It's bad research about a battle if you only rely on 2nd hand informations from several sources but don't refer to any actual map about the battlefield. By this way not only typos have been copied on and on ... I don't wanna start a flamewar here but I also don't like the usual strict anglocentric view about this battle ;-) - MfG Knut Grünitz

If this article is part of the WikiProject Germany, it would seem proper to state in the opening paragraph that the place the battle got its’ name from is misspelled/anglicisized. Also to state that "in some contries the battle is referred to as the second battle of höchstädt" is a little confusing, considering the fact that three out of four major participants call it höchstädt... MfG koookeee

"general de Coignies"Edit

Under this sobriquet are we to recognize Lieutenant-General Robert Jean Antoine de Franquetot de Coigny (1652-1704)? The pronunciation is identical. His estate at Coigny was raised to a comté by Louis XIV as a mark of his father's service. The comte de Coigny entered the Mousquetaires in 1667 and had a distinguished military career up to his death at Koenigsmacker, Alsace, in August 1704. In 1680 he had been appointed Governor of Caen; he was Lieutenant-General of Louis XIV's armies in 1693, and Director-General of Cavalry in 1694. The Franquetot de Coigny papers are at the University of Nottingham. The family continued to produce Marshals of France through the C18. --Wetman (talk) 21:17, 6 May 2008 (UTC)

Yes, Coignies is an alternative spelling. I've changed it to the more common version. Thank you. Rebel Redcoat (talk) 14:47, 7 May 2008 (UTC)
Ha! it was just a hunch. Excellent; thank you. --Wetman (talk) 16:51, 7 May 2008 (UTC)

yes you are right Wetman —Preceding unsigned comment added by Jennafern95 (talkcontribs) 08:30, 7 July 2010 (UTC)

Use of protagonistEdit

Does not the use of the word protagonist in 'protagonists march to the Danube' suggest that the army of Marlborough is the good side versus the evil France? —Preceding unsigned comment added by (talk) 13:47, 13 August 2009 (UTC)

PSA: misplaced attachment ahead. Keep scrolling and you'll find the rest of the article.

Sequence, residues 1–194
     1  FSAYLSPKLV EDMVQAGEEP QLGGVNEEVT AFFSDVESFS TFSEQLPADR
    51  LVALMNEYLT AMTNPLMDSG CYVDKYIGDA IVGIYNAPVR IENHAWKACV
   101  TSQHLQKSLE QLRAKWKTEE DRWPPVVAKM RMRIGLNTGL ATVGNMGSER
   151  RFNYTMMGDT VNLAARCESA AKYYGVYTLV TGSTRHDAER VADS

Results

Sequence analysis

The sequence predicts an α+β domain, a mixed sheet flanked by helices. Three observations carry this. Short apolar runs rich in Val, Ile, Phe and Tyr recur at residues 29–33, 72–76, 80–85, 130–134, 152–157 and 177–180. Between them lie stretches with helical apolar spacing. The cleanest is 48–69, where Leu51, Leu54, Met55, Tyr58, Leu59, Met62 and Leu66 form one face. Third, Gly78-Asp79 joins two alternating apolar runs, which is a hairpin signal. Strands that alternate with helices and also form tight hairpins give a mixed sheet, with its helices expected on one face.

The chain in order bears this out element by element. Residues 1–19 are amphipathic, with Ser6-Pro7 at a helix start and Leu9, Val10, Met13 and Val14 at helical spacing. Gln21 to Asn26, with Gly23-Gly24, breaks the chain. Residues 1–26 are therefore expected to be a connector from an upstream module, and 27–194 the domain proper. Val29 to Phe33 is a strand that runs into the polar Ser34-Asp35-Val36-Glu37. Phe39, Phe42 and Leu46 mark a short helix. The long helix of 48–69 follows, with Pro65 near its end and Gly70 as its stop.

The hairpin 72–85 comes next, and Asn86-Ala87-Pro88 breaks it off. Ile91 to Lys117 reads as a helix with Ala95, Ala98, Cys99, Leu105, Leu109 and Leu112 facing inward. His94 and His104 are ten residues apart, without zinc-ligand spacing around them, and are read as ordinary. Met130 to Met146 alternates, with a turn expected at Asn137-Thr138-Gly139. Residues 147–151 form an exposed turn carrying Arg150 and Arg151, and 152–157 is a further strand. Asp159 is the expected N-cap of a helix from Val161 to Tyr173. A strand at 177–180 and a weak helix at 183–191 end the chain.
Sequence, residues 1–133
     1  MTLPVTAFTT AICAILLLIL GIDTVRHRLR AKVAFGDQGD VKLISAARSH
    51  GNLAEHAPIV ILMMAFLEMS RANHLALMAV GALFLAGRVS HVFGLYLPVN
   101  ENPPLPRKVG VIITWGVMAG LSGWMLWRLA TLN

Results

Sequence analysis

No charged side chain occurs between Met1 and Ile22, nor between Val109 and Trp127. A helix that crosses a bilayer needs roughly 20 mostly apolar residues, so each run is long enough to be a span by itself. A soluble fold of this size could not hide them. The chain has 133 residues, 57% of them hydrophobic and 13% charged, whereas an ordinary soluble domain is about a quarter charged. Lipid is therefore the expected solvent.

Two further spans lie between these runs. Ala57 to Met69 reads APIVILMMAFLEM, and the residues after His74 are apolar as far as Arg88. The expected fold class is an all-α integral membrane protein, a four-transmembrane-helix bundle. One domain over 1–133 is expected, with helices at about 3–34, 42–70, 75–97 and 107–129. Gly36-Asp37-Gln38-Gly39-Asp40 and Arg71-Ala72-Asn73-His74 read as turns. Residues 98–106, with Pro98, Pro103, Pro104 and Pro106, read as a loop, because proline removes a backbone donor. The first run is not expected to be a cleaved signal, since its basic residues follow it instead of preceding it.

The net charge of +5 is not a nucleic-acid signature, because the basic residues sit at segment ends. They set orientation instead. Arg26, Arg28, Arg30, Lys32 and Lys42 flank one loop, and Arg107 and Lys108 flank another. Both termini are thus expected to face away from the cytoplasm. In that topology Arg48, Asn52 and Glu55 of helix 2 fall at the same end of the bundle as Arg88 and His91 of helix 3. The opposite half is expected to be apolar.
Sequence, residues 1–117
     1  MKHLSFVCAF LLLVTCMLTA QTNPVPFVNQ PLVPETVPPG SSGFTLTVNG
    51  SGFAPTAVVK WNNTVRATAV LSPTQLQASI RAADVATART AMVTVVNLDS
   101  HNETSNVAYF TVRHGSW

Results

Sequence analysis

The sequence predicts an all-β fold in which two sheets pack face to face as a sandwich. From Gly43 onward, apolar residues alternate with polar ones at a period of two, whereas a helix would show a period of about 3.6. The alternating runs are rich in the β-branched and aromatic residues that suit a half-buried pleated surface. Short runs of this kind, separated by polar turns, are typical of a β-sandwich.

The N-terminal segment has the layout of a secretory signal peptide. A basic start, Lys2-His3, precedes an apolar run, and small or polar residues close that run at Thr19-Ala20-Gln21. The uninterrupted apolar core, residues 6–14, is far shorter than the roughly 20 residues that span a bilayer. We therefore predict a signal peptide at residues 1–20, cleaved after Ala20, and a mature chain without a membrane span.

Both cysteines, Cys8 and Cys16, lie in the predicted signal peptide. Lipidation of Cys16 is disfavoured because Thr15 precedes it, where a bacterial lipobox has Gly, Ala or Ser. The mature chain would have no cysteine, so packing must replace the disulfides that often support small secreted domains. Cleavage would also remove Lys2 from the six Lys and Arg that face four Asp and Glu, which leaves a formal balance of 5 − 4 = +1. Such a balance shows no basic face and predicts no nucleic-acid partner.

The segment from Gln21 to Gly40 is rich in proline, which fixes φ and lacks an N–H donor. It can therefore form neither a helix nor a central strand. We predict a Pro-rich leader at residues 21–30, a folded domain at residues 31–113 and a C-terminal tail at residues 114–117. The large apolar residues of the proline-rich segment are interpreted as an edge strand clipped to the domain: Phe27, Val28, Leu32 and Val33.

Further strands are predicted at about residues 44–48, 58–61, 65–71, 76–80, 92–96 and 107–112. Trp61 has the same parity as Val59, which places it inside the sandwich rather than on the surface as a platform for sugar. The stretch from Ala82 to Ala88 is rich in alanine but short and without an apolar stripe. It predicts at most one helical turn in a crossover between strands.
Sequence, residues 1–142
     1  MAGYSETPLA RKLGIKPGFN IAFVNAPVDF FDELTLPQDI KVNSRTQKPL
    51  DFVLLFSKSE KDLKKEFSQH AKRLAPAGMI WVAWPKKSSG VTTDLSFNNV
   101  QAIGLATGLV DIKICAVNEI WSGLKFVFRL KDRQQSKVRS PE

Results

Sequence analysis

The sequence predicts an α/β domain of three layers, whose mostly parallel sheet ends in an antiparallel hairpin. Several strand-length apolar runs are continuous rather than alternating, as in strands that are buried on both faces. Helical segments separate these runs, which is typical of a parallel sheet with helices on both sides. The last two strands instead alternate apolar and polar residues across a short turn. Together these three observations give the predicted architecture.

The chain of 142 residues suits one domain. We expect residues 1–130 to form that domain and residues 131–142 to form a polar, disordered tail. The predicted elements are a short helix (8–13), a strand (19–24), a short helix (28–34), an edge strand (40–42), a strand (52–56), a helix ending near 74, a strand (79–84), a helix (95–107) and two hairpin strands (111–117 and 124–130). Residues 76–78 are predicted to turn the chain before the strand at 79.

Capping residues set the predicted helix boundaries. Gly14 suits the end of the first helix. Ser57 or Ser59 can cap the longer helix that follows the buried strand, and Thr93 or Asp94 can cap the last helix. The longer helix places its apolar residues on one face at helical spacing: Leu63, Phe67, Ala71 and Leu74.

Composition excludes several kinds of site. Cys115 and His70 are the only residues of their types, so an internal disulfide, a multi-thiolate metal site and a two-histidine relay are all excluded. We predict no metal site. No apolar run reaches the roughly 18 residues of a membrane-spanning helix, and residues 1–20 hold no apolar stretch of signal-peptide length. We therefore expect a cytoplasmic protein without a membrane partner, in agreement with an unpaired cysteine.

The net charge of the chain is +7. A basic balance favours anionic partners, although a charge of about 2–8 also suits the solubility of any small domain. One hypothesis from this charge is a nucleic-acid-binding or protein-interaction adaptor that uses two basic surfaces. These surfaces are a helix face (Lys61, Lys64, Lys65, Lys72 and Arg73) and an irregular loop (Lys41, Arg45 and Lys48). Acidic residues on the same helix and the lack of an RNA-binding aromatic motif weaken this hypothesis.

Article's toneEdit

The information and sources for this article seem good, but the tone of this article doesn't seem to fit Wikipedia's conventions of style. There is a lot of overt praise in certain sections of how masterful an achievement this victory was and how cunning Malborough's tactics were. Don't get me wrong, I definitely agree that this is a very famous battle and victory. However this is supposed to be non-biased. I would argue reading tbe facts and simply scanning the infobox would lead most people to draw similar conclusions as certain biased sections of this article, without having to break Wikipedia's style rules. SirMinkMay (talk) 06:53, 30 May 2014 (UTC)SirMinkMay

External links modifiedEdit

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Also the Battle of BlindheimEdit

The current articles states:also the Battle of Blindheim what are the reliable sources that back that up? A search of Google books for the 21st century:

  • Returns 90+ for "Battle of Blenheim". Some of those will be unreliable sources, but the survey shows it is the common English language name for the battle.
  • Returns 5 books books only one of which could be considered reliable.

So I am removing the phrase, if it is to be put back then see WP:BURDEN the onus is on the person who restores it to provide proof that is is fairly common name used in reliable sources. -- PBS (talk) 10:31, 4 July 2017 (UTC)

I'd be in favour of keeping it. I don't think there's any onus to prove that the name is used in recent works. Someone may have come across "Battle of Blindheim" in a 19th-century novel, and looked it up in Wikipedia to learn what it was. Maproom (talk) 20:07, 4 July 2017 (UTC)
Return to "Battle of Blenheim" page.